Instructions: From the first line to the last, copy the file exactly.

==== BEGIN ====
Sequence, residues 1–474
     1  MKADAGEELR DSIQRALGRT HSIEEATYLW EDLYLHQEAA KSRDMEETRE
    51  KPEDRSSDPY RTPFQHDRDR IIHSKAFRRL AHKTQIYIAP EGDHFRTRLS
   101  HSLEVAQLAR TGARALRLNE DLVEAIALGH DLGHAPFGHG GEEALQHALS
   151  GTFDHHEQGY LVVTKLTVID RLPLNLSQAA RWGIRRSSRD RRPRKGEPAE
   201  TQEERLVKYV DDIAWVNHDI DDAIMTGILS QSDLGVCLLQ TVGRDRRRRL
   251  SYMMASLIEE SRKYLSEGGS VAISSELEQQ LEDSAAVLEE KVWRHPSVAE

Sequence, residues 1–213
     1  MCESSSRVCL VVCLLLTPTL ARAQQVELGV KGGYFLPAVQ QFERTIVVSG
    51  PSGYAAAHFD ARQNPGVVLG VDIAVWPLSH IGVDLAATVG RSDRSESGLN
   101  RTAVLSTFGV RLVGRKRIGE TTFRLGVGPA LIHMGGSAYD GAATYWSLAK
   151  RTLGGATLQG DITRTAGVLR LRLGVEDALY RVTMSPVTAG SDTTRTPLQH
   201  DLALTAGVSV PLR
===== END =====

Sequence, residues 1–474
     1  MKADAGEELR DSIQRALGRT HSIEEATYLW EDLYLHQEAA KSRDMEETRE
    51  KPEDRSSDPY RTPFQHDRDR IIHSKAFRRL AHKTQIYIAP EGDHFRTRLS
   101  HSLEVAQLAR TGARALRLNE DLVEAIALGH DLGHAPFGHG GEEALQHALS
   151  GTFDHHEQGY LVVTKLTVID RLPLNLSQAA RWGIRRSSRD RRPRKGEPAE
   201  TQEERLVKYV DDIAWVNHDI DDAIMTGILS QSDLGVCLLQ TVGRDRRRRL
   251  SYMMASLIEE SRKYLSEGGS VAISSELEQQ LEDSAAVLEE KVWRHPSVAE

Sequence, residues 1–213
     1  MCESSSRVCL VVCLLLTPTL ARAQQVELGV KGGYFLPAVQ QFERTIVVSG
    51  PSGYAAAHFD ARQNPGVVLG VDIAVWPLSH IGVDLAATVG RSDRSESGLN
   101  RTAVLSTFGV RLVGRKRIGE TTFRLGVGPA LIHMGGSAYD GAATYWSLAK
   151  RTLGGATLQG DITRTAGVLR LRLGVEDALY RVTMSPVTAG SDTTRTPLQH
   201  DLALTAGVSV PLR